Why don’t most doctors recommend complementary and alternative medicine?
We received a case like this:
A hepatitis C patient wanted to try an alternative therapy his friend recommended. His friend’s results were remarkable and there were no side effects. His liver function test also indicated that the therapy effectively improves liver health. He asked his doctor if he could try the therapy, but his doctor does not recommend it. The patient thought the alternative therapy was worth understanding but the doctor thinks otherwise. Why is this?
We have done some research on this topic and we found that usually, doctors do not actively involve in the provision of alternative medicine or therapies. Here are some major reasons:
Lack of knowledge:
According to a survey, most healthcare professionals are unfamiliar with alternative medicine e.g. traditional Chinese medicine, western herbal supplements, etc. The primary reason for this was that alternative medicine was not taught to them in medical schools. Doctors were unsure where to find such information, and how to assess or use such information even if they were able to find it. Therefore, when asked about alternative therapies, they are often reluctant or do not know enough to respond. 
Limited research to show efficacy and safety:
Alternative medicine often do not have any or sufficient scientific proof, e.g. research or clinical studies, hence doctors generally do not recognize these kinds of therapy. Alternative medicine which is natural and safe originally may also cause adverse effects if misused or contraindications if combined with other medications or treatment. 
Avoiding unnecessary responsibilities:
Generally, when a doctor suggests a patient to use a certain conventional medication, even if there are side effects or if the results are not ideal, they will not be held accountable. However, if a doctor actively recommends an alternative therapy and the patient is harmed during the course, they may be held responsible. 
Rules and regulations:
Sometimes, regulations by health insurance companies prohibit doctors from suggesting alternative treatments as a condition of their employment.  In addition, it also quite common for doctors to prescribe certain medications because of agreements with pharmaceutical companies.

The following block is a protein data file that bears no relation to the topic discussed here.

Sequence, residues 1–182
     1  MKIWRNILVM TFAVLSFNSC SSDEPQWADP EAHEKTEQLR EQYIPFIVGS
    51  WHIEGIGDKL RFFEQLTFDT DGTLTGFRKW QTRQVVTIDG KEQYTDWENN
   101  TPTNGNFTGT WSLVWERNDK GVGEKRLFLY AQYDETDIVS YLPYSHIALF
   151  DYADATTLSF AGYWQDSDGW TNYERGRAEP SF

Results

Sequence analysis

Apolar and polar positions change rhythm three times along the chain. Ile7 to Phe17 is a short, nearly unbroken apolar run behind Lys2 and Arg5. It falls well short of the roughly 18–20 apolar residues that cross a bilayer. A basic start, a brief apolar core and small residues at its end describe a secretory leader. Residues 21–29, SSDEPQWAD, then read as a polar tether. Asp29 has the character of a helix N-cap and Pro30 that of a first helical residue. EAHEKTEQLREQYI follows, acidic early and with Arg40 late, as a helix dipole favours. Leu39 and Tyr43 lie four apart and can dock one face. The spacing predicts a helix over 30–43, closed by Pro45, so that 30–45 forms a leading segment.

Although doctors have their own considerations, it is inevitable that some alternative therapies are scientifically proven to be effective and safe. The main concern for medical professionals and the general public is how to differentiate the good from the bad, the trustworthy and the fraudulent.
- Phend, C. (2010, April 26). Alternative medicine isn’t taught to doctors in medical school. Retrieved from http://www.kevinmd.com/blog/2010/04/alternative-medicine-taught-doctors-medical-school.html
- Calabro, S. (2009, August 25). Alternative Medicine Pros and Cons. Retrieved from http://www.everydayhealth.com/alternative-health/the-basics/are-you-conisdering-complementary-and-alternative-medicine.aspx
- Alternative medicine — What are the medico-legal concerns? (2012, March). Retrieved from https://www.cmpa-acpm.ca/-/alternative-medicine-what-are-the-medico-legal-concerns-
- Why Doctors Do Not Prescribe Natural Alternatives. (n.d.). Retrieved from http://www.ivlproducts.com/Health-Library/Health-Concerns/Supplement-Vitamins-Wellness/Why-Doctors-Do-Not-Prescribe-Natural-Alternatives/
- * All research and clinical data should be used as reference purposes only, results may vary.